The latest version of FLE is version 2.8 which was released on August 30th 2016.  This latest version of FLE now not only includes WWFF logging, but SOTA logging has also been introduced.

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FLE can be used for:

  • regular logging
  • contest logging
  • WWFF logging
  • SOTA logging

Even though I use a Mac, I run a virtual machine program called Parallels which allows me to run Windows on my Mac.

More information on Fast Log Entry can be found at…..

http://www.df3cb.com/fle/

So for me, at the moment, logging in the field using paper is the way to go.  And now that I understand FLE well, it takes me a very very short period of time to enter 100 QSOs or more.

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Baudin Conservation Park, 5CP-012 and VKFF-1002

My third park activation for Wednesday 24th August 2016, and my final activation whilst on Kangaroo Island was the Baudin Conservation Park 5CP-012 and VKFF-1002.  This was to be another unique park me to add my to my activator tally.

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Above:- Map showing the location of the Baudin Conservation Park on the Dudley Peninsula on Kangaroo Island.  Map courtesy of Protected Planet.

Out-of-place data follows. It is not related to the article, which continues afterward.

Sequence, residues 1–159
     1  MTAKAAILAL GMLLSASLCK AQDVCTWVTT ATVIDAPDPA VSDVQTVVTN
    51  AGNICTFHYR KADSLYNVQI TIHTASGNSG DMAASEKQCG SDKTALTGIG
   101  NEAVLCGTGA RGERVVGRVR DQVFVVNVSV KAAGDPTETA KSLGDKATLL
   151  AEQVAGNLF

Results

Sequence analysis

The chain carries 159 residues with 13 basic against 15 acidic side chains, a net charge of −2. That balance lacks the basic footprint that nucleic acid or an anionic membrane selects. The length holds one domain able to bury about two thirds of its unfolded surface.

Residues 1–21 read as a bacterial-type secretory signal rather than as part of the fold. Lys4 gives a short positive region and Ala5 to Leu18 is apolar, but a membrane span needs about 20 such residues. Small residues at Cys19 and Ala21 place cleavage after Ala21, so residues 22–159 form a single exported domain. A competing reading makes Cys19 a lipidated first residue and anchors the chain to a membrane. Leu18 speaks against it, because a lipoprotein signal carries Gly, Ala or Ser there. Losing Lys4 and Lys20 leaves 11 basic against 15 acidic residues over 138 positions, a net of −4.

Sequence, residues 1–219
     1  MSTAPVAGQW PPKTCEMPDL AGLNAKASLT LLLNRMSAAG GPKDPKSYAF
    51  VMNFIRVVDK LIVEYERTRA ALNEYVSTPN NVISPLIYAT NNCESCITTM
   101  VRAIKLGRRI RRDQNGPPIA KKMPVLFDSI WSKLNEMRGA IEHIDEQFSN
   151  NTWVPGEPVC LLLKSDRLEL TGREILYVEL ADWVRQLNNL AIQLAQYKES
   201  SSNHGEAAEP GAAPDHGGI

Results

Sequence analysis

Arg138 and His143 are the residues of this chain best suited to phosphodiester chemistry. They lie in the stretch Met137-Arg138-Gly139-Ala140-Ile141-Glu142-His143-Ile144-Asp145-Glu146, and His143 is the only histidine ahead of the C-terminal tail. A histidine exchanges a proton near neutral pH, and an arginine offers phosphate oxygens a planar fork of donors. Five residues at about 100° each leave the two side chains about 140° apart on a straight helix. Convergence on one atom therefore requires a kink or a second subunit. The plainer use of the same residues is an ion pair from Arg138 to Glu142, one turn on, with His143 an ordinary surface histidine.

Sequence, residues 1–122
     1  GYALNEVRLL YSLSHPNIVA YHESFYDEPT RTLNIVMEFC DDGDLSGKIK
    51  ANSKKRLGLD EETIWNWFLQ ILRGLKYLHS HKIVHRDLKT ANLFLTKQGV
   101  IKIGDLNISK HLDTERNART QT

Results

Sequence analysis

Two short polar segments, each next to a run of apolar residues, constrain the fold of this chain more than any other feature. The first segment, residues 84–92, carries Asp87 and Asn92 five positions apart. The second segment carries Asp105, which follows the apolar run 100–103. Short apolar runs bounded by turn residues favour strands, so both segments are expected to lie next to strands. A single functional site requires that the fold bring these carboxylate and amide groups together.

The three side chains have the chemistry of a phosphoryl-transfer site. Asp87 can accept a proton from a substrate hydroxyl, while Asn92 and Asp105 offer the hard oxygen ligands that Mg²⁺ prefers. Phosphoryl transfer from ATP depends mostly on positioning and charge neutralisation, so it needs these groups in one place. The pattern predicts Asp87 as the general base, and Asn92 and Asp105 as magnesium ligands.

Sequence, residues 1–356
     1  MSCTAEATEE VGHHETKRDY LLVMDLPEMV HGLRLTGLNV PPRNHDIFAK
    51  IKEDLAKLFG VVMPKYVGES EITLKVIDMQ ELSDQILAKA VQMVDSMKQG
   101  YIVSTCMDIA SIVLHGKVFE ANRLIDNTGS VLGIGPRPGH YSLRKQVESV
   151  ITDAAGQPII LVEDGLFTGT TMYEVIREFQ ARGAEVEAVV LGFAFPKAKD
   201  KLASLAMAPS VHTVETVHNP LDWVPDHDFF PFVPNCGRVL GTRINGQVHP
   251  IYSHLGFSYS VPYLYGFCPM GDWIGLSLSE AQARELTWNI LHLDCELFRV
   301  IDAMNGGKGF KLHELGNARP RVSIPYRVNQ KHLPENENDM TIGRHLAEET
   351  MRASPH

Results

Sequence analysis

Prior to heading to Baudin, I drove down to the beach at Antechamber Bay after my activation at Lashmar.    This is part of the Lashmar Conservation Park and is a spectacular part of KangarooIsland.

When you reach the end of Shorty Road (which becomes Lashmar Road) you will notice two gravesites underneath a pepper tree  They are for Jane Lashmar (1847-1865) and Thomas Clark (-1894).  Jane Hannah Lashmar died aged just 18 years.  Her father was Thomas Young Lashmar (b. c. 1813.  d. Dec 1860).  The Clark family married into the Lashmar family.

I then headed for the Baudin Conservation Park, travelling west on Cape Willoughby Road for a few km and then turning on to Binneys Track (pposite Willson River Road).  The first few km of this road are okay for a conventional vehicle, but you will then reach a sign which states ‘4WD’s only’.  If you have a car, you will need to park here and walk the rest of the way to the park.  The road is easily passable however if you have 4WD, which fortunately I did.